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    Then the code above should work, except that you need only the last 6 days, not 7. Change the 2nd line to show that and you're good to go.

    You generate the stop date the same, except you use directly $now, without substracting a set number of seconds from it.

    Let me know if you understand this, or I can explain differently.
    Programming boils down to three things: fast, good and cheap.
    Please pick two.

  5. #5
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    Quote Originally Posted by sebulbus View Post
    Then the code above should work, except that you need only the last 6 days, not 7. Change the 2nd line to show that and you're good to go.

    You generate the stop date the same, except you use directly $now, without substracting a set number of seconds from it.

    Let me know if you understand this, or I can explain differently.
    I understand the concept but don't know how to work it into my sql query.

    I used to working with the following type of query "SELECT * , UNIX_TIMESTAMP(storydate) AS storydate_ts FROM content WHERE storydate > 20070819202854 AND storydate < 20070826202854"
    "
    but I don't know where to use the variable $yourStampFormat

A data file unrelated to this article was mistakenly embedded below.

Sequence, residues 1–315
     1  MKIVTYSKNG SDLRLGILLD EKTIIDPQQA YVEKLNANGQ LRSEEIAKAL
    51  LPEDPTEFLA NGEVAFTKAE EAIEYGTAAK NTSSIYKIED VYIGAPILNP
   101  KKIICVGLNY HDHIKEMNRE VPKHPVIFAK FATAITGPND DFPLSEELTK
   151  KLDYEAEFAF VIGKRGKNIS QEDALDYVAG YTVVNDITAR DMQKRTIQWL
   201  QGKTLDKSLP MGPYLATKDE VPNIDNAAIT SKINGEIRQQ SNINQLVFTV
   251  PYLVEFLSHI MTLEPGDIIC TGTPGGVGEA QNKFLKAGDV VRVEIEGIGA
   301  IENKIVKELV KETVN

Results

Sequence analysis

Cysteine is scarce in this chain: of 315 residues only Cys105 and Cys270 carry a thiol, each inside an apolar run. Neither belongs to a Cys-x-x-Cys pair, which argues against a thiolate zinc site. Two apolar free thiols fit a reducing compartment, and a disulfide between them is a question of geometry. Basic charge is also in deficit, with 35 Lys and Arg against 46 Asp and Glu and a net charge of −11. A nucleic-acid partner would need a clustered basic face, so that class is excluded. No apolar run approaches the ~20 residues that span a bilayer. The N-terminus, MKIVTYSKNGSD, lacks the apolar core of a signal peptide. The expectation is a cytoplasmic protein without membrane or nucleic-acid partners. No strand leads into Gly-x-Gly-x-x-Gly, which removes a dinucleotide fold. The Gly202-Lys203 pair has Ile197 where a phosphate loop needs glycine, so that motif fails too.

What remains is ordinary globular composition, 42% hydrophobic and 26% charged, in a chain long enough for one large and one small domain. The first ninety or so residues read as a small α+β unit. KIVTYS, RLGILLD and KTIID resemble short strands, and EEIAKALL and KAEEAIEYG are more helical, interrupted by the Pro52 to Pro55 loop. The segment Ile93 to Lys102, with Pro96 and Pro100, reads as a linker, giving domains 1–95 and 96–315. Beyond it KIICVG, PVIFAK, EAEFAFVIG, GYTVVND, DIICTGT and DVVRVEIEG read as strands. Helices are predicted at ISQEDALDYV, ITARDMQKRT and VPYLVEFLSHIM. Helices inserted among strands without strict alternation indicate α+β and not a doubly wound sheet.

Any advice would be greatly appreciated.

  6. #6
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    I imagine you embed this SQL query in a php script something like this:

    PHP Code:
    $query "SELECT * , UNIX_TIMESTAMP(storydate) AS storydate_ts FROM content WHERE storydate > 20070819202854 AND storydate < 20070826202854"
    This should then become

    PHP Code:

    //get current timestamp and compute dates
    $now time();
    $aWeekAgo $now - (7*24*60*60);
    $startDelimiter date("YmdHis"$aWeekAgo);
    $endDelimiter date("YmdHis"$now);

    //modified query, using the above delimiters
    $query "SELECT * , UNIX_TIMESTAMP(storydate) AS storydate_ts FROM content WHERE storydate > ".$startDelimiter." AND storydate <".$endDelimiter;

    //rest of you code, etc 
    Last edited by sebulbus; Aug 26, 2007 at 07:04. Reason: typo
    Programming boils down to three things: fast, good and cheap.
    Please pick two.

  7. #7
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    Quote Originally Posted by sebulbus View Post
    I imagine you embed this SQL query in a php script something like this:

    PHP Code:
    $query "SELECT * , UNIX_TIMESTAMP(storydate) AS storydate_ts FROM content WHERE storydate > 20070819202854 AND storydate < 20070826202854"
    This should then become

    PHP Code:

    //get current timestamp and compute dates
    $now time();
    $aWeekAgo $now - (7*24*60*60);
    $startDelimiter date("YmdHis"$aWeekAgo);
    $endDelimiter date("YmdHis"$now);

    //modified query, using the above delimiters
    $query "SELECT * , UNIX_TIMESTAMP(storydate) AS storydate_ts FROM content WHERE storydate > ".$startDelimiter." AND storydate <".$endDelimiter;

    //rest of you code, etc 
    Thanks a million! That's works perfectly.